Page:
Tuesday, March 15, 2011

The Long Term Mentally Ill and Suicide © Megan Snider

If you are considering suicide, please call the National Suicide Prevention Lifeline at 1-800-273-8255.

According to “Stop a Suicide”, 90% of people who commit suicide have suffered from a psychiatric illness in their lives. Accordingly, it is not hard to trace the snaking path of suicide back to the vein of mental illness and the agony present in the disorder. This takes us back to my earlier post where I expounded on my idea that mental illness is borne out of fear. Fear, desperation and agony are all very good bedfellows. 

Waiting for the end of a psychiatric disorder is bleak. Round after round of medication can be tried and re-tried, new uses can be applied to old pills but still we come back to the same darn shame. We just have a low rehabilitation rate of our mentally ill. If one more person suggests that mental illness is wished into being or that the mentally ill should simply just “play the hand they were dealt” then that is one person too many. Often times playing the hand your dealt may involve a tooth split by the intrusion of a revolver.

The “long term mentally ill” is a term coined to refer to those who do not get well. Fancy papers are drawn up concerning as to what fancy doctors and their fancy facilities should do with them but little concept is actually given to their daily lives, their daily struggles and their adjusted outlooks. Psychiatrists are simply perplexed by the long term mentally ill and it is no wonder they turn to suicide as an effective means of ending the slow erosive torture of mental illness.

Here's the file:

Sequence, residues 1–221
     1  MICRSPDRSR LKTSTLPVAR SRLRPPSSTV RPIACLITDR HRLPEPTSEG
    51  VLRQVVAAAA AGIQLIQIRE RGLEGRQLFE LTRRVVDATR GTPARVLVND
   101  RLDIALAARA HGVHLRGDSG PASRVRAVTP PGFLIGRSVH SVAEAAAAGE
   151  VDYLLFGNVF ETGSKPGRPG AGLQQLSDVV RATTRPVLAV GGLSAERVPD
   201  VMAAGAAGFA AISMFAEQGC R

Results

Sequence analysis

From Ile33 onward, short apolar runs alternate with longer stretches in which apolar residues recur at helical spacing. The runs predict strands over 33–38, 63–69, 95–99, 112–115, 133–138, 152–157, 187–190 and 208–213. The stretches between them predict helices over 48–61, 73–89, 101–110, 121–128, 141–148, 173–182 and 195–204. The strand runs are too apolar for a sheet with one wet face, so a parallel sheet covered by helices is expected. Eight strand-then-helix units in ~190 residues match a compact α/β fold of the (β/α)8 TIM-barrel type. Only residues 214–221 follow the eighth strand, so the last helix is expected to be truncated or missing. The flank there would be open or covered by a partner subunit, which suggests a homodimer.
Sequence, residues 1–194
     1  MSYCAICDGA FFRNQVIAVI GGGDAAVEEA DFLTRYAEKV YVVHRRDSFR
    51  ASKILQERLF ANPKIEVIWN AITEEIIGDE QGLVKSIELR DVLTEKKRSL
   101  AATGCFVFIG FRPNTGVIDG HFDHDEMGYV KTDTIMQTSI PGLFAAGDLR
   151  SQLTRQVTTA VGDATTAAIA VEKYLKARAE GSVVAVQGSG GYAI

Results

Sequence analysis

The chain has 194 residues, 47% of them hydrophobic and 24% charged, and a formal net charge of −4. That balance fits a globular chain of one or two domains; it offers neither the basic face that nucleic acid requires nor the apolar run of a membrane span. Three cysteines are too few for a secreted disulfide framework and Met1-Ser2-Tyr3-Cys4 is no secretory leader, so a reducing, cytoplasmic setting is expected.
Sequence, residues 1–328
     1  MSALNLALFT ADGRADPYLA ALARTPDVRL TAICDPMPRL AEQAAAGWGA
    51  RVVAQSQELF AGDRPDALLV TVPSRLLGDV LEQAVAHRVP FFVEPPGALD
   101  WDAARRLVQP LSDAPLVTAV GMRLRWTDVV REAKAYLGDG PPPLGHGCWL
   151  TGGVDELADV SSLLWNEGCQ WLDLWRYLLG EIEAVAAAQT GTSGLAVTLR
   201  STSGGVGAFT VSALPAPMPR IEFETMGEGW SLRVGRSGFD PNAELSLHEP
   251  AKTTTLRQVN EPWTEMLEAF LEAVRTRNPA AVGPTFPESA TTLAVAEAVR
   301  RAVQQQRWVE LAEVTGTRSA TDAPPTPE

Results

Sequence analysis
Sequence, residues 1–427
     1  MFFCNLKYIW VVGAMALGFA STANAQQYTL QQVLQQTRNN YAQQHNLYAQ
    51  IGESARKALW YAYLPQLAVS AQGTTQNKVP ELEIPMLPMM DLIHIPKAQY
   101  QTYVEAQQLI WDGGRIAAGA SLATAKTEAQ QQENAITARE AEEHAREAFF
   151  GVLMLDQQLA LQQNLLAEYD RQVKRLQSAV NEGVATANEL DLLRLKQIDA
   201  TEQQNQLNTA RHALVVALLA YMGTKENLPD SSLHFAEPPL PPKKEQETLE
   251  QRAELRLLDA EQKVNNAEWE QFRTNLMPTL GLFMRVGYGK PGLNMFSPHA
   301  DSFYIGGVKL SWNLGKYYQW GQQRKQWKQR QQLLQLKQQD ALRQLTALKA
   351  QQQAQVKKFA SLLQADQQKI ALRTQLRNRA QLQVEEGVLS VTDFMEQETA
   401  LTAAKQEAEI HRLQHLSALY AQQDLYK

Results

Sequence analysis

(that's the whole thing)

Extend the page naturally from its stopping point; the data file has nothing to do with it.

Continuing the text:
By no means however am I advocating suicide. I believe there is an afterlife and suicide will not win you your place of choice in it. That’s what has stayed many hands across the world from stumbling their way across the handle of a dagger. However, suicide is still a voluptuous temptation to those who are counted among the long term mentally ill. When treatment reaches the frayed end of its own ropes so too does humanity. The burden to toil under too great a toll begins to take effect and take flight into fanciful fantasies fit of only a madman.

We must take all threats of suicide seriously. If you or someone you love is contemplating suicide, please call the National Suicide Prevention Lifeline at 1-800-273-8255 and you will be redirected to a regional help hotline. 

Long term mental illness is not the best of terms, but it certainly is not the worst. The National Suicide Prevention Lifeline will provide you with someone to talk to, someone to hear you and someone who will listen to you. That is perhaps its best commodity. No one will talk down to you any longer. 

Remember, where there is life there is still a little hope.

© Megan Snider

For more resources and hotline numbers, please visit my "Resources" page to this blog.

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